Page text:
In a Rare Battle, Justices Are Fighting for Their Seats
By JAMES DAO
Published: November 6, 2005
HARRISBURG, Pa., Nov. 4 - In one of the oddest and most passionate Supreme Court races in Pennsylvania history, a low-budget campaign to repeal pay raises for state officials has grown into a powerful movement to oust two members of the state's highest court.
Fueled by anti-incumbent ire, the campaign has forced sitting Supreme Court justices to campaign with stump speeches and television commercials for the first time in memory. No appellate justice has ever lost a bid for re-election in Pennsylvania, court officials said.
The movement has also rattled the General Assembly, which on Wednesday night took the extraordinary step of passing bills to repeal the raises. Though the two chambers passed different versions, the House is expected to return on Monday to reconcile its bill with the Senate's. Gov. Edward G. Rendell, a Democrat who received a raise under the measure, said he would sign the Senate version if it reached his desk.
"I've never seen anything like this," said G. Terry Madonna, director of the Keystone Poll at Franklin & Marshall College in Lancaster. "It's a populist insurrection."
It all began with an explosion of voter anger after the legislature voted in July to raise its base salary to $81,050, from about $69,000. Leaders and committee chairmen received significantly more, and the governor, his cabinet and judges also received raises.
Using rallies, radio talk shows and blogs, grass-roots organizations began pushing for a repeal of the raises, complaining that the legislature was too corrupt and too ineffective to deserve better pay.
But no legislators were up for election this fall. So the repeal movement set its sights on the next best thing: two justices on the seven-member State Supreme Court, Russell M. Nigro and Sandra S. Newman, who are seeking second 10-year terms.
Though the justices had no direct role in enacting the raises, the leaders of the repeal have called them dupes of the legislature and urged people to vote them off the bench on Tuesday.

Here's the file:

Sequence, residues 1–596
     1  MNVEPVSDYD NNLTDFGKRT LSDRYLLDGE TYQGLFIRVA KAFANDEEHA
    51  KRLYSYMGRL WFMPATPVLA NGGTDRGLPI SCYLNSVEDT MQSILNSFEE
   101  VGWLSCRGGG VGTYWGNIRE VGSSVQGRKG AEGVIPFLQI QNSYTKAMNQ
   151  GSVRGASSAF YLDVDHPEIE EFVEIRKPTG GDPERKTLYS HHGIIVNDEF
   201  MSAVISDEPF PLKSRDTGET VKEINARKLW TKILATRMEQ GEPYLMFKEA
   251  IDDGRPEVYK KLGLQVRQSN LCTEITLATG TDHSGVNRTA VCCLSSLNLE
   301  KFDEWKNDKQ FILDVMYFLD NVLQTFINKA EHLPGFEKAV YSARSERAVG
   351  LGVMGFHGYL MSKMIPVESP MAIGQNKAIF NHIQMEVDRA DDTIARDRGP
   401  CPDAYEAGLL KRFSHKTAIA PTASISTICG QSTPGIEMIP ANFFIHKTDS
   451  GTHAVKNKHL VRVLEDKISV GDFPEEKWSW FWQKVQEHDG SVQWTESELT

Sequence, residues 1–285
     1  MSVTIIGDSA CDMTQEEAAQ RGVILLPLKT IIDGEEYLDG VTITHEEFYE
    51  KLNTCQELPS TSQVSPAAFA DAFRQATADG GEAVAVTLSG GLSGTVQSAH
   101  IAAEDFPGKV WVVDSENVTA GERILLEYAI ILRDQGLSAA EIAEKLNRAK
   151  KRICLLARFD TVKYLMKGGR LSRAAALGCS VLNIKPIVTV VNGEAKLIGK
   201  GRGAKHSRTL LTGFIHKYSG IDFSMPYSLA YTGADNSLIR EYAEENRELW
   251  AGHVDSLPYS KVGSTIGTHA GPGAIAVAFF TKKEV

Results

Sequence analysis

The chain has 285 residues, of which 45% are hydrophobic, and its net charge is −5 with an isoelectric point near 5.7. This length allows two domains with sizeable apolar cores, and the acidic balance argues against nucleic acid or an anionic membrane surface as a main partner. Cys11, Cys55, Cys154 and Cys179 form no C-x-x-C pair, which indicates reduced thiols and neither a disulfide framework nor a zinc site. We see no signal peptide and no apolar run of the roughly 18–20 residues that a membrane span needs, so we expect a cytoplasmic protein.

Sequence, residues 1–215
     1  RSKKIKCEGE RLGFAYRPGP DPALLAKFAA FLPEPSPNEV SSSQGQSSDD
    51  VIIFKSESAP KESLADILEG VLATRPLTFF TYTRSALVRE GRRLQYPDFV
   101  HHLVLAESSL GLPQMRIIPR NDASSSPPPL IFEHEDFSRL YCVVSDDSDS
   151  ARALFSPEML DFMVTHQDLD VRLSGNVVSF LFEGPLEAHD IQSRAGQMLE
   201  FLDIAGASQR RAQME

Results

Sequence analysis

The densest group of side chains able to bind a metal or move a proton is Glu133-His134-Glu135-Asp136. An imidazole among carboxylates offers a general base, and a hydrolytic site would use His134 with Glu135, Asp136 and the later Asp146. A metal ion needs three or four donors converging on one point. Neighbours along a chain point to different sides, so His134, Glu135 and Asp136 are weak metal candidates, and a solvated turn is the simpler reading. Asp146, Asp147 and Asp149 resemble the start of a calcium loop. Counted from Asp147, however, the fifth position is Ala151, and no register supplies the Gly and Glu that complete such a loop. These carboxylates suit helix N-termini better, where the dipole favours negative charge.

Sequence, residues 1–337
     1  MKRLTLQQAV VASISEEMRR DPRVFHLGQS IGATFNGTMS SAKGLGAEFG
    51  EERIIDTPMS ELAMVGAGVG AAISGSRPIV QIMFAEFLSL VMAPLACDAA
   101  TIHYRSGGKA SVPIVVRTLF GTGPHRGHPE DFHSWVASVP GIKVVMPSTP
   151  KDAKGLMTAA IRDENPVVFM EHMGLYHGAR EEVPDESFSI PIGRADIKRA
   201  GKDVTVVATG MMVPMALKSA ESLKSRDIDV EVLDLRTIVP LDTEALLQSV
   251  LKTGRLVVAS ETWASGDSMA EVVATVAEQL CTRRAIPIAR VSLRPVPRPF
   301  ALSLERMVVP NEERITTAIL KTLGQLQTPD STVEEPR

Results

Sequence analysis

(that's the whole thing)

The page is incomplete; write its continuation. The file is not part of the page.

"Why do legislators think they can get away with this?" said Timothy W. Potts, 56, founder of Democracy Rising, one of the repeal groups. "The answer is, the Supreme Court has told them it's O.K."
Under the Pennsylvania election system, appeals judges seeking re-election do not run against opponents. Voters are asked whether they want to keep the judges on the bench. If a judge is rejected, the governor nominates a replacement who must be confirmed by the Senate.
Historically, these elections have been sleepy affairs in which justices have won 70 percent of the vote without spending a nickel. But this year's campaign has forced Justices Nigro and Newman to spend tens of thousands of dollars on radio and television advertisements.
"It's extremely unfair," said Justice Nigro, 59. "It has forced Madame Justice and I to run a campaign where normally we would not have."
The justices have received support from the Pennsylvania Bar Association, which has recommended both for retention, calling them hard-working, independent and respectful.
"These two people do their job very well," said William P. Carlucci, president of the association.